ATLANTA -- The Georgia woman at the center of a racially tinged firestorm involving the Obama administration and the NAACP says she's not certain she would take her USDA job back if it was offered to her.
Shirley Sherrod had been the Agriculture Department's rural director for Georgia before being asked to step down. She opened up to 11Alive's Karyn Greer in an exclusive interview on Wednesday.
"We would need to talk," Sherrod said of the USDA. "I wouldn't want to go back and be harassed. I definitely wouldn't go back and do anything like I didn't do before to embarass this administration. I support the administration too much. And I also support fairness. I probably do that even more than Secretary Vilsack. He doesn't know what that means as much as I know what it mean based on my life."
Hours earlier, Agriculture Secretary Tom Vilsack said he would reconsider the department's decision to oust Sherrod over accusations of racism.
They stem from a speech Sherrod gave at a local NAACP event in March. A conservative blogger posted a videotaped portion of the speech online last week, which Sherrod says was taken totally out of context.
"I used that incident -- and I've told that story over and over again -- to show people how I moved from a place where I was in thinking about white and black issues to a place where I am...a point where I can treat everyone the way I want to be treated," Sherrod told 11Alive News. "I think my life is a testimony to that."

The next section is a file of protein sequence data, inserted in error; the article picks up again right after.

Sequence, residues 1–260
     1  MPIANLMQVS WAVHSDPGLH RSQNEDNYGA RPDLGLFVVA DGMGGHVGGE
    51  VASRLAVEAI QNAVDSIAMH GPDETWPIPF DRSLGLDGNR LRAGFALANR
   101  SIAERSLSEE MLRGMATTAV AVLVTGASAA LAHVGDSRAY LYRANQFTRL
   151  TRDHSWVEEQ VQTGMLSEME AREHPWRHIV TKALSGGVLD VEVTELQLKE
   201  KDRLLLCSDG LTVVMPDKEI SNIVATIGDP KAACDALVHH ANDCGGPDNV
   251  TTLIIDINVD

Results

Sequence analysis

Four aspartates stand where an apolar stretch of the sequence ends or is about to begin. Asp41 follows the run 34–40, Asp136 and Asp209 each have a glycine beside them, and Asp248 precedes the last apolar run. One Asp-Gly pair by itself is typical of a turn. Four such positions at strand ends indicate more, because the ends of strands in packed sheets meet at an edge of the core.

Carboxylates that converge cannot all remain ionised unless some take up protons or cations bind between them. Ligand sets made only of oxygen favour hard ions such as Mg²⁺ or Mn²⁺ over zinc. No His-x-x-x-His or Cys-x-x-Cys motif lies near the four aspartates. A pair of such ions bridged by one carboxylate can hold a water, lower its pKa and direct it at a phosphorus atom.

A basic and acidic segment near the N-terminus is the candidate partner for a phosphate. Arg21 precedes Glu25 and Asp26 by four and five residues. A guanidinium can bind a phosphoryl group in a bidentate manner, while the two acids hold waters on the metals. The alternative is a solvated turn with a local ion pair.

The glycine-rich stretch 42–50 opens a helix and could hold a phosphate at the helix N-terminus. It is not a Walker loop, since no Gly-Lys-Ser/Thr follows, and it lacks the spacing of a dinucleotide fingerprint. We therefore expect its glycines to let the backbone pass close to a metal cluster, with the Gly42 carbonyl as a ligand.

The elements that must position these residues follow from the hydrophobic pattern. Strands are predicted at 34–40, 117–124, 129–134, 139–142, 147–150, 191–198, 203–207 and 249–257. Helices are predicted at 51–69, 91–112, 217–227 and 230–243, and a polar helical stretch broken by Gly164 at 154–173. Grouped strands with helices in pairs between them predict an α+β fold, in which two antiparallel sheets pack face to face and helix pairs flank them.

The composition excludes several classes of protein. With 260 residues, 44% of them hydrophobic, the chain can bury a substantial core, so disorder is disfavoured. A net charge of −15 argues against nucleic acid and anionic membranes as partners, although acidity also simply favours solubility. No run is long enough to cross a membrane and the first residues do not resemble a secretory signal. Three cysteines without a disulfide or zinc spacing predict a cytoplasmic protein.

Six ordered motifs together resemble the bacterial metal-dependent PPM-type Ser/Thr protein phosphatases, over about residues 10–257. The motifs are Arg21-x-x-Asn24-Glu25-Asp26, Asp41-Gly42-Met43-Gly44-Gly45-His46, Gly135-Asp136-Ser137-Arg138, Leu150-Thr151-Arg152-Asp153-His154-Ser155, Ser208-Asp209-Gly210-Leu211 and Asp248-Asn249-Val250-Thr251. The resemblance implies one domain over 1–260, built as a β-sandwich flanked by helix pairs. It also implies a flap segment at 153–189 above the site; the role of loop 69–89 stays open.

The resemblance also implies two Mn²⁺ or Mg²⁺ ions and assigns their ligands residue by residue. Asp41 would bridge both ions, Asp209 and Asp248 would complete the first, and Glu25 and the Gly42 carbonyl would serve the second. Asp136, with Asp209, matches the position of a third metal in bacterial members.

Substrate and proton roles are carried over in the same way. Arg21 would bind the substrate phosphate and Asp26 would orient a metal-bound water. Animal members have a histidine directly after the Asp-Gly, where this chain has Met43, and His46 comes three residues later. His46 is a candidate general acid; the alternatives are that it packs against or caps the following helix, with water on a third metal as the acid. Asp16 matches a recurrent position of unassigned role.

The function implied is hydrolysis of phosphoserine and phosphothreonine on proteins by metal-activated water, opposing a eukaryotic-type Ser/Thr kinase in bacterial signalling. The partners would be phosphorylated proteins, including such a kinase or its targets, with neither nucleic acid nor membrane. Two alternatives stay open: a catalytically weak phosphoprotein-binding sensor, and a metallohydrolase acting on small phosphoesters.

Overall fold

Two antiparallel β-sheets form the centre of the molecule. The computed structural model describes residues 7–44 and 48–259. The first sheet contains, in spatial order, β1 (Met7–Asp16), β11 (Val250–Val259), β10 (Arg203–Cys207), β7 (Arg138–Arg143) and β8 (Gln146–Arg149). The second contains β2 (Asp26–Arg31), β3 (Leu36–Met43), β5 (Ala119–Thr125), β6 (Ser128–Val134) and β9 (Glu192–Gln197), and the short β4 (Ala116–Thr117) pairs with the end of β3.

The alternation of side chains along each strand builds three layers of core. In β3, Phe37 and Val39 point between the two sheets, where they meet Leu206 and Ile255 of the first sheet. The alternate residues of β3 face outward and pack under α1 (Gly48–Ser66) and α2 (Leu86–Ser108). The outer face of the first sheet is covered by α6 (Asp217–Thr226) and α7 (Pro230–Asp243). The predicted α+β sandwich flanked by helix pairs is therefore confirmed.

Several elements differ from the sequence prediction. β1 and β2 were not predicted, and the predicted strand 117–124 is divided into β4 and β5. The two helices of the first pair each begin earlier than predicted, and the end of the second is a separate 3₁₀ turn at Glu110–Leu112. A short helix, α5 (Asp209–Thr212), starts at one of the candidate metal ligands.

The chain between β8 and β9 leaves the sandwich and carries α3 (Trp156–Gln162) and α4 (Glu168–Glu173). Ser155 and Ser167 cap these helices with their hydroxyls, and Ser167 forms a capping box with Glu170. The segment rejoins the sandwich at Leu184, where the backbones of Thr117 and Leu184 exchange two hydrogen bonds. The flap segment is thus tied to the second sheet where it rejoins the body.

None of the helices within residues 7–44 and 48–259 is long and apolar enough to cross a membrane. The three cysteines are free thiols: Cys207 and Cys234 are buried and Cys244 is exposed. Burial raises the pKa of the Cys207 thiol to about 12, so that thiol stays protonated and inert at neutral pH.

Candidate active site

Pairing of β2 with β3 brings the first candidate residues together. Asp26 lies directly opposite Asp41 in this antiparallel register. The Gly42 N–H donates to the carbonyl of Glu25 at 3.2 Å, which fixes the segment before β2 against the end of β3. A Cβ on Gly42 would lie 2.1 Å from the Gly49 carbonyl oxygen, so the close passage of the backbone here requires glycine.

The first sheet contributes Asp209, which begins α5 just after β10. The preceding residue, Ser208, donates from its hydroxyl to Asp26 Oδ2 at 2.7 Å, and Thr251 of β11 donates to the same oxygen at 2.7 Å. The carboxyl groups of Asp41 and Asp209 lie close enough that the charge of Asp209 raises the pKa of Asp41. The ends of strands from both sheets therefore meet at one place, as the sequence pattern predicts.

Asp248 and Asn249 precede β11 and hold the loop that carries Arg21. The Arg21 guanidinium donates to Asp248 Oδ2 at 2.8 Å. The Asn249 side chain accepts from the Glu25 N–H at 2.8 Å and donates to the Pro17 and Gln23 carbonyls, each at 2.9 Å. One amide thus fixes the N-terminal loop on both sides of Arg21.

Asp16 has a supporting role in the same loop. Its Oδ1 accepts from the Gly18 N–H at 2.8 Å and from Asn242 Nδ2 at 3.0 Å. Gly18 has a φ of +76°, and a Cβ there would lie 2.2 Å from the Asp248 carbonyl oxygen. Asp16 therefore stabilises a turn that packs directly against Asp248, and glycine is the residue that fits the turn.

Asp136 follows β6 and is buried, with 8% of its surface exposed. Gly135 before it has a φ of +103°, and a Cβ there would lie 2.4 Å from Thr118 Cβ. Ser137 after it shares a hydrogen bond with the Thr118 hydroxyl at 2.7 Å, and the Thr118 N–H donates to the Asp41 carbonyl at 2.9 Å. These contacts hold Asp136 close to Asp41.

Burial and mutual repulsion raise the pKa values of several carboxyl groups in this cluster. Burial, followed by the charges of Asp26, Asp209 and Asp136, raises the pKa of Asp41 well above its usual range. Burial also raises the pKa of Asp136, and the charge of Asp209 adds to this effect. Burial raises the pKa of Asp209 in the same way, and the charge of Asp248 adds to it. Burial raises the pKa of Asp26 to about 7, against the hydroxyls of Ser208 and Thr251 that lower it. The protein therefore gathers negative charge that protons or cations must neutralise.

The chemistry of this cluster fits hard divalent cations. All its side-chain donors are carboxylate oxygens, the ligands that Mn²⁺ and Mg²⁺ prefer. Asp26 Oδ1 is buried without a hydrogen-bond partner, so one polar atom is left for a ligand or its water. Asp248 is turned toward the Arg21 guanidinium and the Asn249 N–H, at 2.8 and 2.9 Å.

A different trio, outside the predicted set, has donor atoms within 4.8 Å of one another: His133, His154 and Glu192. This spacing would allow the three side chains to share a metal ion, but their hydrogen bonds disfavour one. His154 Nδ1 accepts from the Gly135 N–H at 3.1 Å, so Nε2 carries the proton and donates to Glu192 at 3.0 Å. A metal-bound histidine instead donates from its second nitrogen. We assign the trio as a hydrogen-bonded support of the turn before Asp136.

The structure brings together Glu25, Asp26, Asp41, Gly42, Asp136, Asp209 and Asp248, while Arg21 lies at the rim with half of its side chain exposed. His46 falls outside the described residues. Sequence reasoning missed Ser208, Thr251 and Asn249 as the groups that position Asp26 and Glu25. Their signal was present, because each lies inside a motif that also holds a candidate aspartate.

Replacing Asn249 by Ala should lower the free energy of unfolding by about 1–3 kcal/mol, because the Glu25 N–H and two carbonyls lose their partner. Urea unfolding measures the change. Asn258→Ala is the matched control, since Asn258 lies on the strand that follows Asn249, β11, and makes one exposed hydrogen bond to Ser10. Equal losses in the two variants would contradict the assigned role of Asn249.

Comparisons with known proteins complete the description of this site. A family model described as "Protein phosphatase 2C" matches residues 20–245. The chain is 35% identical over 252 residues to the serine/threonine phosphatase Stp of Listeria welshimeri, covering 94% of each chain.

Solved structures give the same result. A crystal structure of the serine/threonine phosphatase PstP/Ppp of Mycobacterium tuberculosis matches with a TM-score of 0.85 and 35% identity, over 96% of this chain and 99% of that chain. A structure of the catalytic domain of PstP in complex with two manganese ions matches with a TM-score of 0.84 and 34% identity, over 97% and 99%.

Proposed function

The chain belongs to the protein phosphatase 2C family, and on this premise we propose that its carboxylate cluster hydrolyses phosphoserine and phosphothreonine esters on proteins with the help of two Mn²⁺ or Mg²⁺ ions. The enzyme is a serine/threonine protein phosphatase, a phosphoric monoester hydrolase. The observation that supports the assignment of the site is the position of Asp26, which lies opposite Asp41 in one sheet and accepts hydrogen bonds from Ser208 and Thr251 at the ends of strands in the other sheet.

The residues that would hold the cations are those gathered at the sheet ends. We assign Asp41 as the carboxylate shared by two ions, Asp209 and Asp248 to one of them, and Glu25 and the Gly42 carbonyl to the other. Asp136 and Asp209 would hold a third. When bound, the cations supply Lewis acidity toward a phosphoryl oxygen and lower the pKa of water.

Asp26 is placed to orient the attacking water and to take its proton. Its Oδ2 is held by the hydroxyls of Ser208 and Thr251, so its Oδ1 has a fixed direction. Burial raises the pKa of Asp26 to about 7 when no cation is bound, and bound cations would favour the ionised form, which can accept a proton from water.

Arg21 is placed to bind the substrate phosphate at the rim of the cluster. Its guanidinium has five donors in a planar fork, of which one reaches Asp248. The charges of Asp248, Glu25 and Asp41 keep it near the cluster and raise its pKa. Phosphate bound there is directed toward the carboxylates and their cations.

Sherrod says she contacted the blogger as soon as she learned of the posting, telling him he was mistaken. "I explained to him in my reply what I was doing, and then I passed that right on to the [Agriculture] Department to say, "Hey, look at this. Look at what's happening." I didn't know what to do with it. I'd never been faced with anything like this before."
"I was totally in shock," she said of being put on administrative leave then being asked to resign. "I asked "What is going on?'" She says she was told: "'Well, the White House wants you to resign. When Glen Beck announced you were going to be on his show, that did it."
National NAACP President Benjamin Todd Jealous had initially welcomed Sherrod's resignation because the group opposes racism of all kinds. Sherrod says that hurt even more.
"You know I started in the civil rights movement," she said. "To spend my life working for the rights of all, and have an organziation like the NAACP condem me for a statement that they didn't take the time to look into -- that hurt. That hurt I think more than receiving that call saying "Shirley you need to submit your resignation.'"
She says she quickly accepted the civil rights group's apology when they learned the context of the video. The NAACP released a full video of Sherrod's speech on Wednesday.
"You have to know in 45 years of working in communities, there are bumps in the road, and I've aways jumped back," Sherrod said. "You know it's time to keep working."
Where she will continue working remains unknown.
(The Associated Press contributed to this report.)